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What would your ideal school look like?

In my ideal school, mistakes would also be part of the learning process - allowing children to be more independent in their thinking and learn for themselves. Education would be less didactic and controlling. Giving children more choice and autonomy leads to higher self-esteem and stronger intrinsic motivation. Pupils would be given a voice, encouraged to think for themselves, and offered opportunities to develop self-reliance.

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Rather than achieving a fair society, educational inequalities based on characteristics beyond children’s and parents’ control – and for the most part related strongly to the experience of child poverty – are rife. They are perpetuated by an educational system that does little to mitigate the unfair advantages available to better-off families. Urgent action is needed to ensure that all children and families have the resources they need to enjoy childhood and to develop towards a fulfilling adulthood.

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Research around the impact that iPad has had on education is limited and, one could argue, biased. In one case Apple even acknowledges having no idea of the methodology used to collect the data of research published on its own website (iPad in education, 2017). Yet schools continue to buy into the device and its advertised rewards. Through the many conversations I have on Twitter it becomes apparent that the problem doesn’t lie with the technology but with the teachers using it. Teachers need to be better trained in the capabilities that this type of technology could provide them and their students. And this will no doubt be an additional cost to schools.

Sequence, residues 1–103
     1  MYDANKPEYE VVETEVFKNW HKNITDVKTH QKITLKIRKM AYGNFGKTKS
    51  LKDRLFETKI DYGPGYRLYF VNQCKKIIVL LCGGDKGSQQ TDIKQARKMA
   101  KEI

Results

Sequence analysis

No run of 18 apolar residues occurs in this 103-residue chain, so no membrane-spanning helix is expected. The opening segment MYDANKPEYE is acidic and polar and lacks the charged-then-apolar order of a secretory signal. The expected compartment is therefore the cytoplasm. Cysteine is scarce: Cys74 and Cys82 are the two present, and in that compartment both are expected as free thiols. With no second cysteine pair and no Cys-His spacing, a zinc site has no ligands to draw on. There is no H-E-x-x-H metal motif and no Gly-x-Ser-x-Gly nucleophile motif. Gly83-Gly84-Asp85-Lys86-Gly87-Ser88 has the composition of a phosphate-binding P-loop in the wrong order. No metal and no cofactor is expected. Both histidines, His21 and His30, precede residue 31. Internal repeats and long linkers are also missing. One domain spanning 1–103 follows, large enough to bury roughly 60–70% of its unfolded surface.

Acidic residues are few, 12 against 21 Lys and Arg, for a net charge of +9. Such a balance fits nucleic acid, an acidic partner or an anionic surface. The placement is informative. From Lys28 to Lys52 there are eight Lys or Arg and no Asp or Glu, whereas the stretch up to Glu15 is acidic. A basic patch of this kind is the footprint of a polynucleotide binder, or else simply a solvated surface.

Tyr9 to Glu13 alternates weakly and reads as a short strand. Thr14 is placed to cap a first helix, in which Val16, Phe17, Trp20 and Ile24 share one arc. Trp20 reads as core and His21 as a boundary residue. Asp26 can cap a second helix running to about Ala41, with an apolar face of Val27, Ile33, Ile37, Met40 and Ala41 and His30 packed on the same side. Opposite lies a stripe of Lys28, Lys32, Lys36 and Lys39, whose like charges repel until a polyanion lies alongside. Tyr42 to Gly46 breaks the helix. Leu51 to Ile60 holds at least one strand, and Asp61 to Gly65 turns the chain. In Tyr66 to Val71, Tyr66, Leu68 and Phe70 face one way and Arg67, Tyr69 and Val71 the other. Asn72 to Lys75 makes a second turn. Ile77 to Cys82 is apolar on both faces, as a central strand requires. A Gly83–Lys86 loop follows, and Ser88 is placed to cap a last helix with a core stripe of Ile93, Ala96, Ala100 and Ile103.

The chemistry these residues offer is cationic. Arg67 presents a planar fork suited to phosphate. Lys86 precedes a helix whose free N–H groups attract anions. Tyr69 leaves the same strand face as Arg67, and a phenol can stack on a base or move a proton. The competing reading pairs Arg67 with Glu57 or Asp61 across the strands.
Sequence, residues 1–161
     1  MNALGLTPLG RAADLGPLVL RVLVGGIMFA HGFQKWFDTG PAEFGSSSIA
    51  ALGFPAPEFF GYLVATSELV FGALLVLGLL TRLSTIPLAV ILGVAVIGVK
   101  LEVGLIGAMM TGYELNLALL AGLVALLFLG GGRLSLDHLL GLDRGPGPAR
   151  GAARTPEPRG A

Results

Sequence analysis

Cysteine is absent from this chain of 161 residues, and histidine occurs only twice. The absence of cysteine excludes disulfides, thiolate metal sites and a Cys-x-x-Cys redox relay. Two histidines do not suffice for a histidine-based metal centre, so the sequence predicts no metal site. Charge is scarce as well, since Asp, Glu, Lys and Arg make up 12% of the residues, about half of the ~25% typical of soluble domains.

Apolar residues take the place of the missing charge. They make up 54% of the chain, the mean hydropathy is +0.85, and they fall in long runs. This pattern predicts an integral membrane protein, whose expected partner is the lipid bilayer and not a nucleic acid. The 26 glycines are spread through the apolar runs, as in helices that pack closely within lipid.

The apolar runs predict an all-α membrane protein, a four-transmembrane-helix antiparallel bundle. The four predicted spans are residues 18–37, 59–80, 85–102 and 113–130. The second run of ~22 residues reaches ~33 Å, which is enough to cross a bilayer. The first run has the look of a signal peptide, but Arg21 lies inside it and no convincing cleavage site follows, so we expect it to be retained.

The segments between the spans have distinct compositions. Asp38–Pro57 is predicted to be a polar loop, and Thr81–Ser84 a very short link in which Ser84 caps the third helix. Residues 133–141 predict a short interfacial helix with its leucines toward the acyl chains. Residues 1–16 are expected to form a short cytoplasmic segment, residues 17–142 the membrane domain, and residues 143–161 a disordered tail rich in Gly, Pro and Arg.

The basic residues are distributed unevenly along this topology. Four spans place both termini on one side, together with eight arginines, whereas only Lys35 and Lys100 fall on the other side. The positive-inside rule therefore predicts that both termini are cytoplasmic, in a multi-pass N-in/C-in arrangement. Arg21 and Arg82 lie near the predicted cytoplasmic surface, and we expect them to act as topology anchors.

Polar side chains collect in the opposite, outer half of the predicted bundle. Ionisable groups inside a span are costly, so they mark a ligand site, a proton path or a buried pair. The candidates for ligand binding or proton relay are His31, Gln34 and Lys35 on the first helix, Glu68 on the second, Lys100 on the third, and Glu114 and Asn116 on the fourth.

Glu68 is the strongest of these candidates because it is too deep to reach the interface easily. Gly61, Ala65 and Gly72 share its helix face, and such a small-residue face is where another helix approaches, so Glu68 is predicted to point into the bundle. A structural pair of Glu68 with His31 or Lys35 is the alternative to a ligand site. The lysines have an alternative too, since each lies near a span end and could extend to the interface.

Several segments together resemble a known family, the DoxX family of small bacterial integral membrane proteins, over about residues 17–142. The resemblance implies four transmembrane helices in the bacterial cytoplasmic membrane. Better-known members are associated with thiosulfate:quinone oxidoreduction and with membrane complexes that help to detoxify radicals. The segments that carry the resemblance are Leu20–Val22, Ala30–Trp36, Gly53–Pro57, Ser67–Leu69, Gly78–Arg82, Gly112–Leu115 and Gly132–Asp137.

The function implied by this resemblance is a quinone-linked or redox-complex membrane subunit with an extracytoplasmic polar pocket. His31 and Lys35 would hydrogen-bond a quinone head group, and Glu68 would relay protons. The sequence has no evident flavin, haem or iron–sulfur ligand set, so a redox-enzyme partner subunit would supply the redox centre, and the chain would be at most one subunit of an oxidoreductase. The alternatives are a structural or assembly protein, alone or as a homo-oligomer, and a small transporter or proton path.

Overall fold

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Teachers; throughout your working day you will be under constant time-pressure to observe what is happening, interpret situations, and then make decisions. Unfortunately, this time pressure can have some quite detrimental effects and may lead you to jumping to conclusions about what is happening and the actions that need to be taken.  This in turn may place you in conflict with pupils, colleagues, parents and stakeholders who may have a quite different view as to what is going on and the actions required. 

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Sue Cowley offers an insight into why children might struggle to regulate their behaviour for themselves, and what we can do to help them.

Sue Cowley is an author, teacher and presenter. Her books include the international bestseller 'Getting the Buggers to Behave'. Her latest book is 'The Ultimate Guide to Differentiation'.

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